I am an introvert. Maybe you are too. Have you ever felt you are at a disadvantage when it comes to evangelism? You are not alone. Here are five suggestions for helping introverts thrive in evangelism from Adam McHugh's book "Introverts in the Church":

1. Narrow your focus.  Rather than scattering yourself, focus on building relationships with one or two people with whom you feel comfortable and who have displayed spiritual curiosity. Work in small steps.

2. Ask questions.  Open-ended questions cultivate relationships, and at the right time, have the power to unlock people’s deepest desires. Jesus would often respond to people’s questions with another question, which forced them to account for their motivations and assumptions.

3. Ask for time.  Introverts don’t do as well when put on the spot. Instead of stuttering out an unprepared answer to a seeker’s question, ask for time to think about it. “I don’t know but I can find out” is a perfectly legitimate answer. Apart from evangelistic encounters, I will think about and formulate answers to some of the most common questions so that I will be ready when someone asks.

4. Don’t accept the premise.  West Wing chief of staff Leo McGarry taught his press secretary never to “accept the premise of the question.” Sometimes unbelievers will come at us with a hostile posture and ask us an accusatory question, like “How could you possibly believe in a God who would condemn people to hell?” If we accept the premise that God is a villain, we are put in a defensive stance and we let the other person control the conversation. Instead, rephrase the question. For example, you could respond, “Perhaps the real question is how could humans rebel against a God who created such a beautiful world?”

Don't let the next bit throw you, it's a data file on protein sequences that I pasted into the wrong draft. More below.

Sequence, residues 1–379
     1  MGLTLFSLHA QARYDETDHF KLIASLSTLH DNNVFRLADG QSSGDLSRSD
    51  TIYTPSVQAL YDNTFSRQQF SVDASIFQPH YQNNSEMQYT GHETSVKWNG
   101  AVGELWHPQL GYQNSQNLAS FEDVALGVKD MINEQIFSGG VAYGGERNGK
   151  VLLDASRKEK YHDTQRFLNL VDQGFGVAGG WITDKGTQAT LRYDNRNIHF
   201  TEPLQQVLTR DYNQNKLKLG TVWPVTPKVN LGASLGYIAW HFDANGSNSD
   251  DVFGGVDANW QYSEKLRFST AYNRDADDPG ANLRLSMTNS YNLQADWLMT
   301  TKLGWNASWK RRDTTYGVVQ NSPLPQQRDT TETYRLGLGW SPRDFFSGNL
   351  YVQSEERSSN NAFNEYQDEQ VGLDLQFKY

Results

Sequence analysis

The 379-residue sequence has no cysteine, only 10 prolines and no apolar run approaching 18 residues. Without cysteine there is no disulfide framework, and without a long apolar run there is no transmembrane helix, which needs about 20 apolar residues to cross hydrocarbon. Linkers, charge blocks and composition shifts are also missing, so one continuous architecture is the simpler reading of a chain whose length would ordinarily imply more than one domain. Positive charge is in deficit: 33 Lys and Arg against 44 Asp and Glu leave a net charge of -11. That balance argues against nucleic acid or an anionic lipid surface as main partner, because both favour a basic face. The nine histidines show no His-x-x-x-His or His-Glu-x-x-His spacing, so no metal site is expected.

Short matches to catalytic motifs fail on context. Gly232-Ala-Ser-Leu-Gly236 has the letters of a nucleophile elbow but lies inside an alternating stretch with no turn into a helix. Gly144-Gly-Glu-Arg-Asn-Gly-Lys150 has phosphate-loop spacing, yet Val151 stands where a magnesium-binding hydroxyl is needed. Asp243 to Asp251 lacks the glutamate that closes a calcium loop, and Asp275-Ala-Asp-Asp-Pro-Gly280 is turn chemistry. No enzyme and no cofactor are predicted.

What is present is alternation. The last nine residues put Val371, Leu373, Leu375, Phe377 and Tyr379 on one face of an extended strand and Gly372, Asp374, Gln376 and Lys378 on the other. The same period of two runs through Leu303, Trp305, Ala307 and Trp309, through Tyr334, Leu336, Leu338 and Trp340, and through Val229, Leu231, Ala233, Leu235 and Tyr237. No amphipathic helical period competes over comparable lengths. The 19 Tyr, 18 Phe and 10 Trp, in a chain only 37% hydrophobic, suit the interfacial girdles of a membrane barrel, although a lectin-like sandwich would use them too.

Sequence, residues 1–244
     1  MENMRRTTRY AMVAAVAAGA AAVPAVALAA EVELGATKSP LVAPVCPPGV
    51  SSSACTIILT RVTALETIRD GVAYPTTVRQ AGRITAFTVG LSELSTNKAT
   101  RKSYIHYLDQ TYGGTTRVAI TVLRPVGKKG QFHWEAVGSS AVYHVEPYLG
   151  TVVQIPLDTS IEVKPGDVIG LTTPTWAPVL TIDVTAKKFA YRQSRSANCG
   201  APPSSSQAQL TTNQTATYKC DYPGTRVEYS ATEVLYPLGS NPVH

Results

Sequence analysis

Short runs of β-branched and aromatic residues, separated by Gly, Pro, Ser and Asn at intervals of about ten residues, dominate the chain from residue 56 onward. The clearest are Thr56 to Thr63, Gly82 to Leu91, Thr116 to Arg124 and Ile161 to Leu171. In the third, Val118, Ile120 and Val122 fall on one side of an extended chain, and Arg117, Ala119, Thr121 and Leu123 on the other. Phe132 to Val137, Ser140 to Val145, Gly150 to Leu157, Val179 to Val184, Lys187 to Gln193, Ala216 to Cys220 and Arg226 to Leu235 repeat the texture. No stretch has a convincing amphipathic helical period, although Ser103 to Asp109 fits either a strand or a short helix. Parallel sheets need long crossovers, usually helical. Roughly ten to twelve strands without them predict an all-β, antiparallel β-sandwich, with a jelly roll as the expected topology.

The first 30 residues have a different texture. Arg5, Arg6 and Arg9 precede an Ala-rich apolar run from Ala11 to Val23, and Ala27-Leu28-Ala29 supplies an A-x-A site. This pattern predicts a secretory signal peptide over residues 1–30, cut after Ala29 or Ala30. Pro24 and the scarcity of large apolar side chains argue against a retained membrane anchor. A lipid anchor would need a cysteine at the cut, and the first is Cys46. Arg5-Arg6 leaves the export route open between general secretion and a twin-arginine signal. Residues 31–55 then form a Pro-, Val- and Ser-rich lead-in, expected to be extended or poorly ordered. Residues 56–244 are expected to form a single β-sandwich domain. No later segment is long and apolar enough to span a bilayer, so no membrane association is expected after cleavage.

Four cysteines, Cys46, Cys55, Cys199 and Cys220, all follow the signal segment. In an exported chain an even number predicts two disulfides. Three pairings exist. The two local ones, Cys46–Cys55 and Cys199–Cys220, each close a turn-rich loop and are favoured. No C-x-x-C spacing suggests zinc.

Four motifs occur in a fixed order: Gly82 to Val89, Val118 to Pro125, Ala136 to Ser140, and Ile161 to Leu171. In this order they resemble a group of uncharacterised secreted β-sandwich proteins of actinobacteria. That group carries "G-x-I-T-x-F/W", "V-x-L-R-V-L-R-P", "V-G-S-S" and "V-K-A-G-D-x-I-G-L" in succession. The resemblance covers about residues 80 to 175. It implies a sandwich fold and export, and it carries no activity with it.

5. Know your role.  You don’t have to play every conceivable role in the great evangelistic task of the church. Focus on your strengths and what contributions you have to make to others. The best evangelism is done in community. We are part of a body of believers with different gifts and strengths—some have gifts of hospitality, others of service, others of teaching. A healthy community applies their gifts not only for the up-building of each other but also for the sake of those on the outside. Partner with other Christians (especially extroverts) in your relationships with unbelievers, and unbelievers will see the breadth and depth of the multifaceted love of God.

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